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Wheel Finishing: Powder Coat, Paint or Bead Blasting

I purchased a used set of black Enkei PF01 wheels and they are scratched up. I'm thinking of refinishing them and want to either powder coat them or just bead blast them and leave them their natural aluminum silver.

Powder Coating: I know there are "internet rumors" that powder coating wheels will somehow compromise the integrity of the wheels but I'm not buying that. The theory goes the heat from the process makes them weaker. I find that hard to believe as the wheels get pretty hot out on the track.

Painting: only issue here is paint won't hold up as well as powder coating.

Bead Blasting: Another option is bead blasting them and leaving them raw aluminum. I've had other aluminum wheels that were unpainted and I don't think this is an issue but wanted to see if anyone has experience with this. This option seems to be the lowest maintenance and least costly.

IMG_2300_zps557edefb.jpg
 
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If you bead blast, you'll still need to apply clear coat, or the alloy will corrode and not look so hot :)

As for powdercoating, I'd find out how high the temps are for baking. I hear you on wheel temps out at the track. I'm curious to know if the powdercoating is significantly higher than that. You don't want to anneal aluminum--it will make it more brittle. It's for the same reason that alloy bicycle frames cannot be re-welded for repair--it compromises the structural integrity of the tubes. Granted, welding is super hot. Just want to make sure that the baking process of powdercoating is not *that* hot. For track use, I wouldn't risk making a wheel more brittle.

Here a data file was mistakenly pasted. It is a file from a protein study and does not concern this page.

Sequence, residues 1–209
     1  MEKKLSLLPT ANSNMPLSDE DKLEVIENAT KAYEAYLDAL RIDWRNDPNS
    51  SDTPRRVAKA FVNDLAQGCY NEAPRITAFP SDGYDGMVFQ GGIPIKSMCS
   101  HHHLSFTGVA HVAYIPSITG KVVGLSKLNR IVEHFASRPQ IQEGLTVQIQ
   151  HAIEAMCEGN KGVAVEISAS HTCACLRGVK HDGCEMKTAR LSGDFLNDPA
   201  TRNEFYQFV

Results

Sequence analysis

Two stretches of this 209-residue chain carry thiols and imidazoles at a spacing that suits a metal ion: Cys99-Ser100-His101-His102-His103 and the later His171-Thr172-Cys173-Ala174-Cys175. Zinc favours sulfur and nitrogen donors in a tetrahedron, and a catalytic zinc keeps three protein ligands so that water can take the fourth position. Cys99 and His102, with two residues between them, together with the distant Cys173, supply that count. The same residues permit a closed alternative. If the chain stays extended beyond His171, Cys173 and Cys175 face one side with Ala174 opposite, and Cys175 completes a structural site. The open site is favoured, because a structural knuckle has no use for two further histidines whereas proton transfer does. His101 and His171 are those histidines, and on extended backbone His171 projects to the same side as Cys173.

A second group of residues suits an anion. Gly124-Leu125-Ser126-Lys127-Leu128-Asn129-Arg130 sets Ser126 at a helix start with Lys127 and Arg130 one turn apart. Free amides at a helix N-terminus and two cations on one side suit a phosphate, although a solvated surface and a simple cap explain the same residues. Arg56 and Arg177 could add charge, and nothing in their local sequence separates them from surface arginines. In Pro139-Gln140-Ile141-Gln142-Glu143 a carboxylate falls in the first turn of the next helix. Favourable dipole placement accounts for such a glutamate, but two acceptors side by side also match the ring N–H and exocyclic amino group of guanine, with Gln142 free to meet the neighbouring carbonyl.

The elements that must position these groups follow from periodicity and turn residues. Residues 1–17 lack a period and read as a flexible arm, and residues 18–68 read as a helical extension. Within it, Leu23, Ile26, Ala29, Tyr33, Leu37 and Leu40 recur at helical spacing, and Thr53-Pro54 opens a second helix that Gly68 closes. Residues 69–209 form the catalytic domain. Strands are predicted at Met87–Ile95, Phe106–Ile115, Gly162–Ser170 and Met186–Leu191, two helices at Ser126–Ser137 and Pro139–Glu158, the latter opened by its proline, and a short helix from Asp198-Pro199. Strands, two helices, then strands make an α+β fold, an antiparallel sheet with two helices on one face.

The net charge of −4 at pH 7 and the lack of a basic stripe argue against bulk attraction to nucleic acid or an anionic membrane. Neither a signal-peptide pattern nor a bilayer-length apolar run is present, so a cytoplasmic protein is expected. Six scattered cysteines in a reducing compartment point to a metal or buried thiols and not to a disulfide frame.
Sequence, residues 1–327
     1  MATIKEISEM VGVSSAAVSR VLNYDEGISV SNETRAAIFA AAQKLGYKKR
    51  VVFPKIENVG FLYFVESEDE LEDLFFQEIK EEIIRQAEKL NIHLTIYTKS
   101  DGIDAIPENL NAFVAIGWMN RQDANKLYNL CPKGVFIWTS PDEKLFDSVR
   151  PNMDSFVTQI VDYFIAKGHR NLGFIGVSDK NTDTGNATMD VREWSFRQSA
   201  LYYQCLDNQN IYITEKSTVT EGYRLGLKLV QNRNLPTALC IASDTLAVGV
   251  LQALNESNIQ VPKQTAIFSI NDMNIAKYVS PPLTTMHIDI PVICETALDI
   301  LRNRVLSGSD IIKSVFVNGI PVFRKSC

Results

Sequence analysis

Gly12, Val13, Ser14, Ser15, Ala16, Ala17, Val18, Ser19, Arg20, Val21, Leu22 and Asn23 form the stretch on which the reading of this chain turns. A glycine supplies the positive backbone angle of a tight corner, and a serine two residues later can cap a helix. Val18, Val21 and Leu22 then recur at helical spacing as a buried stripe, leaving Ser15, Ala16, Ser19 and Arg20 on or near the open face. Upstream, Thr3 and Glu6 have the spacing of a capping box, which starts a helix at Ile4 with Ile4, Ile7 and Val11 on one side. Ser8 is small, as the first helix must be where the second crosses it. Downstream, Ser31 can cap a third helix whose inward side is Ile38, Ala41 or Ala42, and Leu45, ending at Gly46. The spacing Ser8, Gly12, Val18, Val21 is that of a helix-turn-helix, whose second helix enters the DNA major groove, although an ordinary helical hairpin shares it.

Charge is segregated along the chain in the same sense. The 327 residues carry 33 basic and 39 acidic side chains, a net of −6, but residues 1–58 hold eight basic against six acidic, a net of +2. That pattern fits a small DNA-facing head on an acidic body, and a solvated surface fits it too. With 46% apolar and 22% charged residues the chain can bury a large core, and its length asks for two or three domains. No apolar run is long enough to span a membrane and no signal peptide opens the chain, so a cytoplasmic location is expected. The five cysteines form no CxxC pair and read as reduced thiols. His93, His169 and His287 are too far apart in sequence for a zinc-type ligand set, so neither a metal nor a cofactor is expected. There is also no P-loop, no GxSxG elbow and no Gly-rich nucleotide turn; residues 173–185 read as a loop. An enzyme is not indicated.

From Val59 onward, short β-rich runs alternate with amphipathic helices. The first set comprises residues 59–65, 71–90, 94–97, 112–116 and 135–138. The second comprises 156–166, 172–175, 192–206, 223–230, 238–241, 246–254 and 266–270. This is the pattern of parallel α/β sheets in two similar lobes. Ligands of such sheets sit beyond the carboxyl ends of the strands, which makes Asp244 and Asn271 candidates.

As for other options - why not bead blast + plastidip? That stuff is pretty durable...
Infact, I plan on plastidiping my stock wheels :D

EDIT: ps - track wheels are usually scuffed. What's the big deal? :D Scuffed wheels show true track use :D
 
boro92 said:
EDIT: ps - track wheels are usually scuffed. What's the big deal? :D Scuffed wheels show true track use :D
I'm slow so I at least want to look good. ;)

Thanks. There are plenty of wheels that are just aluminum with no finish. I'm thinking of my old Porsche wheels that I polished once a month or even CCW's that are polished with no clear coat. So why sure aluminum will corrode how long will it take?

I'm going to send Enkei an email asking them about powder coating and bead blasting and see what they say and will post up if I get a response.

BTW the black paint on these Enkei's comes off if you just sneeze on them. Not the best quality paint job.
 
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NFSBOSS said:
I'm slow so I at least want to look good. ;)

Thanks. There are plenty of wheels that are just aluminum with no finish. I'm thinking of my old Porsche wheels that I polished once a month or even CCW's that are polished with no clear coat. So why sure aluminum will corrode how long will it take?

I'm going to send Enkei an email asking them about powder coating and bead blasting and see what they say and will post up if I get a response.

BTW the black paint on these Enkei's comes off if you just sneeze on them. Not the best quality paint job.